An Artist’s View of the Sorolla Murals

Thomas Jefferson Kitts posted a video online of his visit to the “Vision of Spain” murals by Joaquín Sorolla y Bastida, housed at the Hispanic Society in New York City, and thousands are appreciating his eye and his edits.

Check out Kitt’s video on YouTube here, and join the more than 64,000 who have enjoyed it. Even better would be to see the murals in person. The museum, which is located on the west side of Upper Manhattan, is free, but the Hispanic Museum is planning some renovations soon. This will close the museum for at least two years.

Kitts’ YouTube video on the Sorolla murals has attracted more than 64,000 viewers.
Kitts’ YouTube video on the Sorolla murals has attracted more than 64,000 viewers.

Kitt tells us about the genesis of his video. “A couple of years ago I was in Manhattan visiting some art friends when a docent at the Frick told me about the Sorolla murals that are on permanent display at the Hispanic Society of America,” he recalls. “The next morning, breathless with anticipation, I took a taxi uptown to Washington Heights. When I walked into the gallery, I almost dropped to my knees.”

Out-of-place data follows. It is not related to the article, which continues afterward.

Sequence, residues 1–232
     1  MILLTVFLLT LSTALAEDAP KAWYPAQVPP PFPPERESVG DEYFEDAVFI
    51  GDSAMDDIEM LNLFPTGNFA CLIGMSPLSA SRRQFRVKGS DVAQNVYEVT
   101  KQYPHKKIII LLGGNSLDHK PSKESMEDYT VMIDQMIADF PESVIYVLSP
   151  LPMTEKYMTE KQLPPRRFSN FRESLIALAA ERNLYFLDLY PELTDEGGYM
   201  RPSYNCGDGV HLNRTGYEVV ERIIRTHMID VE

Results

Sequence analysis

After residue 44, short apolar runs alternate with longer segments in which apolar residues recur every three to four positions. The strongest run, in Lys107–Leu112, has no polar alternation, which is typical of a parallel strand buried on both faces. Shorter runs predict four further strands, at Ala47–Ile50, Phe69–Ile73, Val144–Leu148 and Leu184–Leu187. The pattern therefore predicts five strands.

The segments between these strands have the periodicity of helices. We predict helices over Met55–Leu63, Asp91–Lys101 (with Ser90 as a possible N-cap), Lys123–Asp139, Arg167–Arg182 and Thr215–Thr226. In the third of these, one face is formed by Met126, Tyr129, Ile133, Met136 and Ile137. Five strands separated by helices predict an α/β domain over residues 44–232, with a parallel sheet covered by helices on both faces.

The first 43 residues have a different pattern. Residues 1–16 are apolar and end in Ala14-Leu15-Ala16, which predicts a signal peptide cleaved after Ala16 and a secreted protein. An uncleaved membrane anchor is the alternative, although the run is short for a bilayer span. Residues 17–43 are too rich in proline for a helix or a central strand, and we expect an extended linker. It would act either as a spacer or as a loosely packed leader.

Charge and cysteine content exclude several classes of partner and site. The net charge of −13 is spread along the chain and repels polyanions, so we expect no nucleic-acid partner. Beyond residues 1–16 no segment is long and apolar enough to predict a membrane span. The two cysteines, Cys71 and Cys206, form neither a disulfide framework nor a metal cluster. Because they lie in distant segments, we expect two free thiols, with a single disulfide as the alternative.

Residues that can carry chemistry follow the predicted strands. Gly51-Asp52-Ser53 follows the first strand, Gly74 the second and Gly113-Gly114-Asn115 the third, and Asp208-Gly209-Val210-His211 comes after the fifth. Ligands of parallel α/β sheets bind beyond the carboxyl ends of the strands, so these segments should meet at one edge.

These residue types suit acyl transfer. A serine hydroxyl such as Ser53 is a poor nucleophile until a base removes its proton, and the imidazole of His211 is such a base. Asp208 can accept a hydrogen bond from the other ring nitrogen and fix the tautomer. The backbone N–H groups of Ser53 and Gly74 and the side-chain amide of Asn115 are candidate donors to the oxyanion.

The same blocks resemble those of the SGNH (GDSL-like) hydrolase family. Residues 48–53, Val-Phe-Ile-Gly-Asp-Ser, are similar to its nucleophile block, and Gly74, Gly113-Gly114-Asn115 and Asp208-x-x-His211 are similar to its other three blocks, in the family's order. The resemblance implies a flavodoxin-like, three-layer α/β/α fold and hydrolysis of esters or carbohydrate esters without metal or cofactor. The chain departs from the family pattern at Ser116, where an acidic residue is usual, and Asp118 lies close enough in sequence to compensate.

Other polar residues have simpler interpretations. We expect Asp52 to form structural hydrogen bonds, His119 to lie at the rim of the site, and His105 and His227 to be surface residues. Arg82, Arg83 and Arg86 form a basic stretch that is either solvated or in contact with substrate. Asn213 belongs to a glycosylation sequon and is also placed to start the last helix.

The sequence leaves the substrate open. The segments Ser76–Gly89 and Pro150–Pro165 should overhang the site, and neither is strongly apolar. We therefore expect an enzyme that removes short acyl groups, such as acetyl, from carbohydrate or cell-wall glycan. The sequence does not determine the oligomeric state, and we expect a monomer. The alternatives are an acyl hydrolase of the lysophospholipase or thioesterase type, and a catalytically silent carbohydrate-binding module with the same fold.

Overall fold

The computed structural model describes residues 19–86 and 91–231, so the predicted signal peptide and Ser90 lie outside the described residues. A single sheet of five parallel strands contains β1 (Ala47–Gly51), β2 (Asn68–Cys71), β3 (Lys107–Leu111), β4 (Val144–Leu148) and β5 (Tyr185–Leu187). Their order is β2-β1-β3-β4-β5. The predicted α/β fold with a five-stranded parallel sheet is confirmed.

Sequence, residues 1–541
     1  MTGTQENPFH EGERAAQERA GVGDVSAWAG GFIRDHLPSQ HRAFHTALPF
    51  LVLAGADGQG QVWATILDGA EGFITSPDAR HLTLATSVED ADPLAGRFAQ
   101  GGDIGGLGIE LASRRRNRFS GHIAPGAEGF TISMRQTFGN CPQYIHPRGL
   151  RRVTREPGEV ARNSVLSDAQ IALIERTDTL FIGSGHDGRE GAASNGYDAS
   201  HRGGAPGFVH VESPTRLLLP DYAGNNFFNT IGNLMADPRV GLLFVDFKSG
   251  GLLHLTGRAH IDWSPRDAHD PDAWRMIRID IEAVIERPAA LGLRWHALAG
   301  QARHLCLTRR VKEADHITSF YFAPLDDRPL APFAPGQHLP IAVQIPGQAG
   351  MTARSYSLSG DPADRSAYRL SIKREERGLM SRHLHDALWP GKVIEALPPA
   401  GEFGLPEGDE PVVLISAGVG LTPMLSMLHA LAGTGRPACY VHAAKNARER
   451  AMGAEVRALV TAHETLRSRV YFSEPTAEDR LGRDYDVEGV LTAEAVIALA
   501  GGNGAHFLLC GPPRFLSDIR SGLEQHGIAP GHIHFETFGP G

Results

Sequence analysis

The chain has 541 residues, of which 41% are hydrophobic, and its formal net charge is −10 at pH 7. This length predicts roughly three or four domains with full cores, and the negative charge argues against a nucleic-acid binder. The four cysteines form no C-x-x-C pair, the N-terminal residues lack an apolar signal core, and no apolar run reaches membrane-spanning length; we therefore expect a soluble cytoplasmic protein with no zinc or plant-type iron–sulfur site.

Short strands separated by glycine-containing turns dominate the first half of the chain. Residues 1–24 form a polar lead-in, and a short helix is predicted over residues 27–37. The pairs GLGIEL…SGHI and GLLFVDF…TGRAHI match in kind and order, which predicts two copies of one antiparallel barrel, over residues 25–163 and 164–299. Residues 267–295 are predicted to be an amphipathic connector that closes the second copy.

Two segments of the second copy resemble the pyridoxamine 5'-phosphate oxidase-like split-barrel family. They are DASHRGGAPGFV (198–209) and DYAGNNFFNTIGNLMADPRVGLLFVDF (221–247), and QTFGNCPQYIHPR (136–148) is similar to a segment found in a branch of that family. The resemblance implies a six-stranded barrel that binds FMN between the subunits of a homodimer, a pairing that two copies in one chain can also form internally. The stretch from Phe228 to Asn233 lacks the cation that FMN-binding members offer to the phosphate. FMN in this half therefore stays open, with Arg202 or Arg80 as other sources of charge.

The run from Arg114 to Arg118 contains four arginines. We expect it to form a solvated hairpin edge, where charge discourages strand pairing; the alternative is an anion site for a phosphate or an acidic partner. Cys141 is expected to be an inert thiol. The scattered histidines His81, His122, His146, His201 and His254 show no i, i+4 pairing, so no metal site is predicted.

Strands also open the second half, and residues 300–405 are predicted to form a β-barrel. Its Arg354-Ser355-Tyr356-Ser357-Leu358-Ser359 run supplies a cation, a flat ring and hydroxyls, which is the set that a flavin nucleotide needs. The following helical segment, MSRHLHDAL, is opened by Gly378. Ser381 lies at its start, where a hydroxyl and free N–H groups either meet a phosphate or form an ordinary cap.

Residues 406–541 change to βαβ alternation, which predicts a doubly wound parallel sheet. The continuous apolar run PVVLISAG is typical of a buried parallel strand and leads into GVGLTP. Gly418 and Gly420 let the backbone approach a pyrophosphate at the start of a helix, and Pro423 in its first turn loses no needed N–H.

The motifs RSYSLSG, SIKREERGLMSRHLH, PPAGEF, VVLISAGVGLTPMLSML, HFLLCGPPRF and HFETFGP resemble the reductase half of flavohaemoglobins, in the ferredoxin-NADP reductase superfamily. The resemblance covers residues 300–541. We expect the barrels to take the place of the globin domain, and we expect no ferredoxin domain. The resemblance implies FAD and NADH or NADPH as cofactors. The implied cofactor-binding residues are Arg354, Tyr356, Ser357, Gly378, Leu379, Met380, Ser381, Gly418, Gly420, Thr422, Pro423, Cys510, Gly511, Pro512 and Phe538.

Sorolla did much of the mural painting on location all over Spain, and the strain nearly killed him. The murals are painted on 14 canvases that are nearly 12 feet tall, and together stretch 200 feet long.

A portion of the “Vision of Spain” murals by Sorolla, installed at the Hispanic Society
A portion of the “Vision of Spain” murals by Sorolla, installed at the Hispanic Society

“Sorolla is largely known today for his depiction of Spanish culture and families at play on the beach. But these mural paintings in the Society are monumental,” says Kitts. “The next time you visit New York City, make a point to see them yourself. Experience Sorolla’s crowning achievement in a way you rarely can in most museums — nearly alone, without any other distraction.”

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